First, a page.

It’s a stunning admission: the Internal Revenue Service targeted conservative groups for special scrutiny in the run-up to the 2012 election. But equally stunning is who the IRS wasn’t targeting: a federally funded labor union front group that was boasting publicly of its lobbying activities while failing to report them to the IRS’s bookkeepers.
The Restaurant Opportunities Center (ROC) has made a name for itself by claiming that the restaurant industry systematically mistreats its employees and routinely breaks rules and laws in the process. To make its point, it has sued high-profile restaurants, organized raucous and sometimes-violent protests, and even hosted press conferences on Capitol Hill.
How ironic, then, that it’s actually ROC that’s in violation of federal rules. ROC has a long history of lobbying at the local, state, and federal levels — yet ROC has consistently failed to fulfill its obligation to report such activities to the IRS.
ROC’s factual oversight is well in keeping with the organization’s agenda and history. Since its founding in New York in 2002 by the hotel employees union, ROC has operated as a union front group intent on “organizing the 99 percent of the [restaurant] industry that doesn’t have a union.” In many ways it works to accomplish this goal in the same way that unions behave — it makes exaggerated claims in a very public way against their target in an effort to pressure them to capitulate.
Each year, for instance, ROC hosts and boasts about its "Counter Lobby Day" in Washington, D.C., where its representatives meet with Congress and lobby for its favored policy goals. This past April, ROC lobbyists met with Reps. George Miller (D-Calif.) and Donna Edwards (D-Md), and Sen. Tom Harkin (D-Iowa) to push for a higher minimum wage — a proven job killer for entry-level and low-skill employees.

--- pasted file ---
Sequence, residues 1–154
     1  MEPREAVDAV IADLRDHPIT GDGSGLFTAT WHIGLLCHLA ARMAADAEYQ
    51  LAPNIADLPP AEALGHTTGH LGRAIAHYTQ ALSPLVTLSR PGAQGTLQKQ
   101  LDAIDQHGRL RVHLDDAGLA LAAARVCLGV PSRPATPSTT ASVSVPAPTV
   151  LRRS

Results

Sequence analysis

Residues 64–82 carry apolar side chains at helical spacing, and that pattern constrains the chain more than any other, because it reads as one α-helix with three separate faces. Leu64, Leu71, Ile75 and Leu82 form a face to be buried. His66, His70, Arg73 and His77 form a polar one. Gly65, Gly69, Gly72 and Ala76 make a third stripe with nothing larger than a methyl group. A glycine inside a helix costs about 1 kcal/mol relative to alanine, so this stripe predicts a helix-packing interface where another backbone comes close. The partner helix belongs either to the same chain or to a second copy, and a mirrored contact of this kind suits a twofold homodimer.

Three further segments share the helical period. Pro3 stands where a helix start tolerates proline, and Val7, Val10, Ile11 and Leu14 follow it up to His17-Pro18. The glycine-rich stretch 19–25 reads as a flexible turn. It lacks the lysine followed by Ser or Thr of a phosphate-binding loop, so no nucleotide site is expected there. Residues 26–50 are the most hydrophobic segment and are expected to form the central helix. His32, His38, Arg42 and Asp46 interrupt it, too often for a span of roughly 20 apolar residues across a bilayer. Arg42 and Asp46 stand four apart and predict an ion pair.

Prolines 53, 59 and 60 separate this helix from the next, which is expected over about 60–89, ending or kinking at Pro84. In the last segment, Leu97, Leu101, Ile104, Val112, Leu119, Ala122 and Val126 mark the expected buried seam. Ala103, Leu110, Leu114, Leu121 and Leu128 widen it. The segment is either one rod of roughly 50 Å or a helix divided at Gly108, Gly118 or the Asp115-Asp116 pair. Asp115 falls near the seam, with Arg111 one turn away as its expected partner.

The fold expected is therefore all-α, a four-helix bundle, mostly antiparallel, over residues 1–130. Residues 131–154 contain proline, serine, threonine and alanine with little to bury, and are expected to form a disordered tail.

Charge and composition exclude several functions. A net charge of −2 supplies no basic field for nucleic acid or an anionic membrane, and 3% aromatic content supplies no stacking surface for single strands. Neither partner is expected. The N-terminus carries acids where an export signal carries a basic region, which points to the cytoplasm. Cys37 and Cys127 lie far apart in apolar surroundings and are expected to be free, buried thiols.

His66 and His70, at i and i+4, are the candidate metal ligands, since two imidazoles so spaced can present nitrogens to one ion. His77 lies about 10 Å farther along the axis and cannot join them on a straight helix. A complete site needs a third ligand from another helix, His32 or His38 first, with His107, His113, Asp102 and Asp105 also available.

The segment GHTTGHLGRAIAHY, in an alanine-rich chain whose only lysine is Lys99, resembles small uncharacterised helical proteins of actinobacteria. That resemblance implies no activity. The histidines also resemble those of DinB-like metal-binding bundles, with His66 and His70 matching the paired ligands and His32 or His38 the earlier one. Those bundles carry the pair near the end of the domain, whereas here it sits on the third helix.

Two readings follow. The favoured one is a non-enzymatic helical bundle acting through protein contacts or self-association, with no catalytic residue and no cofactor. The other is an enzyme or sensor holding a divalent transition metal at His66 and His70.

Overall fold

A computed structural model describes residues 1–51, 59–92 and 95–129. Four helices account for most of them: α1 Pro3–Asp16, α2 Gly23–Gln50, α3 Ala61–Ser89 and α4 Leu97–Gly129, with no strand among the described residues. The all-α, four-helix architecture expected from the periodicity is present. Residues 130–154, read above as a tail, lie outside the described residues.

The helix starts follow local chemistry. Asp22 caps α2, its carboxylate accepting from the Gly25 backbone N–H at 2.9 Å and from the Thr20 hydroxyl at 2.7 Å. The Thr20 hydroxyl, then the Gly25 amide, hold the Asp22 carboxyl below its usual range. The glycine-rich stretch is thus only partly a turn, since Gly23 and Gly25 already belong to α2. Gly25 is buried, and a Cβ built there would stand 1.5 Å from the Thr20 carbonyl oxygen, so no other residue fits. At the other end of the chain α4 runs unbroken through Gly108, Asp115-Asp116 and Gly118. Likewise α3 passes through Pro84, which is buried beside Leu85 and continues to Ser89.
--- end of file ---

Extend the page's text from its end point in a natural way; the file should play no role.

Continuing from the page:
ROC spokespersons have also previously lobbied the federal government on behalf of the WAGES Act, and “spearheaded” mandated paid leave and minimum wage legislation at all levels of government. In Illinois, ROC lobbyists met with no fewer than 23 state senators to push for a higher minimum wage. Meanwhile, during recent mandated paid leave battles in New York and Philadelphia, ROC lobbyists were near fixtures pressing its union position before City Council.
ROC, which is legally registered as a 501(c)(3) tax-exempt nonprofit charity, has failed to report any of these lobbying activities to the IRS, as required by law. The government requires that nonprofits like ROC report their lobbying activities for a very specific reason: It’s a cornerstone of democratic government that the general public be aware of who’s trying to influence their elected representatives.
ROC’s evasion of the rules is even more notable in light of ROC’s receipt of taxpayer money. Since 2005, ROC has received more than a million dollars in federal funding via the Department of Labor’s “Harwood Grants” program and the Centers for Disease Control and Prevention’s “Racial and Ethnic Approaches to Community Health” program.
ROC’s history of lobbying only raises further questions about its already questionable tactics and agenda. That’s why we’ve submitted a formal complaint to the IRS, requesting that they investigate ROC’s non-compliance with federal law.
Targeting groups for IRS scrutiny because they included the words “Tea Party” or “patriot” in their filings is clearly wrong, and the IRS must take action to see that its misconduct is not repeated. But where, as here, there is a demonstrated and extensive paper trial of a group doing one thing while telling the IRS the opposite, government action is warranted. In the meantime, consumers, the media, and the lawmakers who listen to ROC, should take this group’s claims with a grain of salt.
Paranzino is communications director for ROC Exposed, which is supported by a coalition of restaurant workers, employers and citizens concerned about ROC’s campaigns against America’s restaurants.